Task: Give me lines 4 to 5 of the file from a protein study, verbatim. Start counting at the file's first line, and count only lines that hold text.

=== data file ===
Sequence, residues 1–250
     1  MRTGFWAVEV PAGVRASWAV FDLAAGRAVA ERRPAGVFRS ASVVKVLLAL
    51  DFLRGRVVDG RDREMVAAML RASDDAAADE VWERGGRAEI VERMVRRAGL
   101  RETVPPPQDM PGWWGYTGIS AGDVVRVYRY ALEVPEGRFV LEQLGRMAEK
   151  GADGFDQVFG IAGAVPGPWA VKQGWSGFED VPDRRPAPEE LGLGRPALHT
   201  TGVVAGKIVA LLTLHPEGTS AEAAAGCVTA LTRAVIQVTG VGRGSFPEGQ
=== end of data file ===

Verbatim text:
   101  RETVPPPQDM PGWWGYTGIS AGDVVRVYRY ALEVPEGRFV LEQLGRMAEK
   151  GADGFDQVFG IAGAVPGPWA VKQGWSGFED VPDRRPAPEE LGLGRPALHT